Test coverage and dynamic typing

I was bitten by this bug in version 1.9.2 of the Moodle course management system.  It prevented restoring a backup made by any newer version of Moodle. Of course, such a restore could fail if it relies on features particular to the newer version. So there's a conditional that will display a message to that effect, but within the conditional was a typo:

  //We compare Moodle's versions
  if ($CFG->version < $info->backup_moodle_version && $status) {
-   $message = new message();
+   $message = new object();
    $message->serverversion = $CFG->version;
    $message->serverrelease = $CFG->release;
    $message->backupversion = $info->backup_moodle_version;
    $message->backuprelease = $info->backup_moodle_release;
        "center"", '', "20", "noticebox");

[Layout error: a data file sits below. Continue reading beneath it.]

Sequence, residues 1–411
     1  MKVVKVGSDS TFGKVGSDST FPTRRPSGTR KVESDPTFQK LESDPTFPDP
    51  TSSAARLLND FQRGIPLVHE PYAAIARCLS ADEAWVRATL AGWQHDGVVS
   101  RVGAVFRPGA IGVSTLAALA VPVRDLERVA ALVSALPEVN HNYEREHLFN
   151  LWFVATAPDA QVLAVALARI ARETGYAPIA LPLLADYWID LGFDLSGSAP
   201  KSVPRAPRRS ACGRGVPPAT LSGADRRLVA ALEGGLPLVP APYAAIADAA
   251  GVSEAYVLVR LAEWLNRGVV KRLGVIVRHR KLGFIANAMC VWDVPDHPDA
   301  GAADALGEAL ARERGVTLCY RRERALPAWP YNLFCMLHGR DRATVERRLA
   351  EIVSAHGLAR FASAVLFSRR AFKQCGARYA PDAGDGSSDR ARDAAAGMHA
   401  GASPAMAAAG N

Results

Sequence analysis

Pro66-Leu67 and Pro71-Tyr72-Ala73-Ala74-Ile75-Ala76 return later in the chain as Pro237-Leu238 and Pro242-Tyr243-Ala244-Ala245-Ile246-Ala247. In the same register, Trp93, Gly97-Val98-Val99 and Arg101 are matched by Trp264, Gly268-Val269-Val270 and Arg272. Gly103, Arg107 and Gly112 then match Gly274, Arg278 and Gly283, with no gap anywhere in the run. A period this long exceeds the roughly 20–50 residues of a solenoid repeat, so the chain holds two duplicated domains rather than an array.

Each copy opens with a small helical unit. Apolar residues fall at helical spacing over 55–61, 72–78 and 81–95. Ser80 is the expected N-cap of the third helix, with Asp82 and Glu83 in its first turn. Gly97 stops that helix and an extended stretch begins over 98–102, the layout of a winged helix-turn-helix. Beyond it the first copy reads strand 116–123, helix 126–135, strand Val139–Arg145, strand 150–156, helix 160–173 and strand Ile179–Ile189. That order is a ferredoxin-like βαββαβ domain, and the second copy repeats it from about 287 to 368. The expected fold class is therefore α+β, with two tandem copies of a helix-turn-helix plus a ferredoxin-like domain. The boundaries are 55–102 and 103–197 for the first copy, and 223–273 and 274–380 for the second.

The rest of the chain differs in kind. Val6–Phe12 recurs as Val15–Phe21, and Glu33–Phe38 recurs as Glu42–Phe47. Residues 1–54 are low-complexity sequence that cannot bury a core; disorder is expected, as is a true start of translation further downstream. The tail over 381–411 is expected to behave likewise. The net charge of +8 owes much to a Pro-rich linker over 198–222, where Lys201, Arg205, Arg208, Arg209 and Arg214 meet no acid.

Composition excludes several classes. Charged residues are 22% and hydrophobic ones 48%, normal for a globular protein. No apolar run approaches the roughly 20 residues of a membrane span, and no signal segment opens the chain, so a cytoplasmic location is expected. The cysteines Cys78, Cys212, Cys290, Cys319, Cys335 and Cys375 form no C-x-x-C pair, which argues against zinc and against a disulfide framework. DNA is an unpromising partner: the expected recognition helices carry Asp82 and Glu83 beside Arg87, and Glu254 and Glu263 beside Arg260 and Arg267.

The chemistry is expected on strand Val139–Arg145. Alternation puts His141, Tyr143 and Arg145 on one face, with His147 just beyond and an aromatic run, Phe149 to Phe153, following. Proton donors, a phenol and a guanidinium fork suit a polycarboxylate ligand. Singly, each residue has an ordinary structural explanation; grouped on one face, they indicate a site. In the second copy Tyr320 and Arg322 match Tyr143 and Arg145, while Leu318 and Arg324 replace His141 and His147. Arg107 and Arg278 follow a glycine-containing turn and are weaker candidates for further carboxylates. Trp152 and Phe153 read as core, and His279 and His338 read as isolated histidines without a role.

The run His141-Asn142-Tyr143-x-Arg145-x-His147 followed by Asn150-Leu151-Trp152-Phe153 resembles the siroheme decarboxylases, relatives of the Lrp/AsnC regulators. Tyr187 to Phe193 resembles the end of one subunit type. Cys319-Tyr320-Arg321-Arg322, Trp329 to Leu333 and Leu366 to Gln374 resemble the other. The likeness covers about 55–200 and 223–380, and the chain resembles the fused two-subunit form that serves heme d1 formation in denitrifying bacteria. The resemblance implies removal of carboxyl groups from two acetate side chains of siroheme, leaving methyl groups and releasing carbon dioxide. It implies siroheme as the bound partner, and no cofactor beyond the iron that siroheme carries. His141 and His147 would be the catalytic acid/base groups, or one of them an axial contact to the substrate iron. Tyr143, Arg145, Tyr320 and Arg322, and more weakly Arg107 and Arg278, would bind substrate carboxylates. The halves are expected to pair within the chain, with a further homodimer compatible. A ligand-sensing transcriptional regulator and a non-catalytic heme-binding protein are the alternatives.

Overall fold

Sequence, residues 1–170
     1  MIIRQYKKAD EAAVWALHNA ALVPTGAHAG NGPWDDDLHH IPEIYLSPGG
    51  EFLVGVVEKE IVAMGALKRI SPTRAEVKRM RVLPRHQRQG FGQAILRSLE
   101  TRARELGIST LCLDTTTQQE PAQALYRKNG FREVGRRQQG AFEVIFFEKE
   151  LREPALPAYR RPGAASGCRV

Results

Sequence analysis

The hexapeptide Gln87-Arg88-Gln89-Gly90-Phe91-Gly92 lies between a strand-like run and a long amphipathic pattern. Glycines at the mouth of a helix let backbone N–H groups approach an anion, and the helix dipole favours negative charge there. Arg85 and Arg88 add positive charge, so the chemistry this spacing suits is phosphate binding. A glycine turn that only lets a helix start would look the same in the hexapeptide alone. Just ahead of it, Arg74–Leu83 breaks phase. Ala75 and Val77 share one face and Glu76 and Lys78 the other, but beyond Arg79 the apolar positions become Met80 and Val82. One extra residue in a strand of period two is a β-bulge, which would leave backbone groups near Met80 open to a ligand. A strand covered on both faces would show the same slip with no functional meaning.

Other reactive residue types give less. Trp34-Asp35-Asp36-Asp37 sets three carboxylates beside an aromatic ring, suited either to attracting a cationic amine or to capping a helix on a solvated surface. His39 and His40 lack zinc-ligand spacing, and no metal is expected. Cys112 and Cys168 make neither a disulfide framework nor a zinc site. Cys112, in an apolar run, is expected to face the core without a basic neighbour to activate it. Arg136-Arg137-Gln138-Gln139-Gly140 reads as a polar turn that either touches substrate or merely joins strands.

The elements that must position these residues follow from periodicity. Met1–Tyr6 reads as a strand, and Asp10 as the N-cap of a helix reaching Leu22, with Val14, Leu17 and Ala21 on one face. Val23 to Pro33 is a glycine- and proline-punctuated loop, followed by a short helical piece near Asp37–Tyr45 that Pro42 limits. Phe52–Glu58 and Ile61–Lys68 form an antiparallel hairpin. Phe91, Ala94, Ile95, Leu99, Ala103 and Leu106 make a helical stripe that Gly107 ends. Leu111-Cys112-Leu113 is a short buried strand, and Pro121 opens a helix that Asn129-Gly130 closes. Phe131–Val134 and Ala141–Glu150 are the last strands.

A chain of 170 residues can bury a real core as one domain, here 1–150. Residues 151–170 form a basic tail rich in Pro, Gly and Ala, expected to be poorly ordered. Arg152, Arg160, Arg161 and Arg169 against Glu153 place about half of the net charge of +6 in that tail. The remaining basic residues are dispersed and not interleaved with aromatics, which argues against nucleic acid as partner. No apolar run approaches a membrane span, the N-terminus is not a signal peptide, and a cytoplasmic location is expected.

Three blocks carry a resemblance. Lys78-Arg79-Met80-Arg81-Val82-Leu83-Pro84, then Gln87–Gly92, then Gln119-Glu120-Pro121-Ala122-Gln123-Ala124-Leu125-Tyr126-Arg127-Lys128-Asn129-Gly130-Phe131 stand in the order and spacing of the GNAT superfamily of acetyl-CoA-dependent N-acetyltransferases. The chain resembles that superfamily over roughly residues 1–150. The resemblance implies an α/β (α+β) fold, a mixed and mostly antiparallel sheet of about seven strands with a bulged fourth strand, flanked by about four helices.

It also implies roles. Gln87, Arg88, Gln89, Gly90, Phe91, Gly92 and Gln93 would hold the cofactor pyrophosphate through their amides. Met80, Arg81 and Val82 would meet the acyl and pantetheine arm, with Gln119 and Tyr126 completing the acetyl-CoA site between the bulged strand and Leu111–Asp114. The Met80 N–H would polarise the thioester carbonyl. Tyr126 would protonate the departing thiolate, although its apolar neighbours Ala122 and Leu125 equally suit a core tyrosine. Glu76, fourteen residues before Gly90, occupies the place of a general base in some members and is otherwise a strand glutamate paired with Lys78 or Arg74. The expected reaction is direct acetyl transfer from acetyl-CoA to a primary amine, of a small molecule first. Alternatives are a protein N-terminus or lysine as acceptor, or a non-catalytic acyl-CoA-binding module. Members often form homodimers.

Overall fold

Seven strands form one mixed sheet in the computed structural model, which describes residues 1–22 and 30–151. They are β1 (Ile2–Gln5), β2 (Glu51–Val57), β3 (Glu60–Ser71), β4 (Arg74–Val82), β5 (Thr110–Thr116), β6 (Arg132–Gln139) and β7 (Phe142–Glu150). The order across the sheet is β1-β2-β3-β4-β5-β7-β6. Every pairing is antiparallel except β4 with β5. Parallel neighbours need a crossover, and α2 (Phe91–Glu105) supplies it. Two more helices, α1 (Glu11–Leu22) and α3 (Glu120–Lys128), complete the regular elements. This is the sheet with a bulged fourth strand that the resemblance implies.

In other words, by trying to warn the user about possibly erratic behavior, it caused definite failure.  :)

It's dreadfully familiar, isn't it?  Just a throwaway conditional that you assume will work without sufficient testing.  Just a fault that slipped into a point release and was fixed in the next one.  Not a big deal, but there's a lesson here.

My position on the static/dynamic typing divide is well established, even though I'm not as entrenched as some.  I will somewhat happily use Python or PHP for web applications.  I advocate for Scheme, and I think Ruby is neat.  But I'm still disappointed whenever I produce or find faults that by all rights should have been caught by a compiler.  It just demonstrates the increased importance of automated testing with coverage analysis when using dynamic languages.

©20022014 Christopher League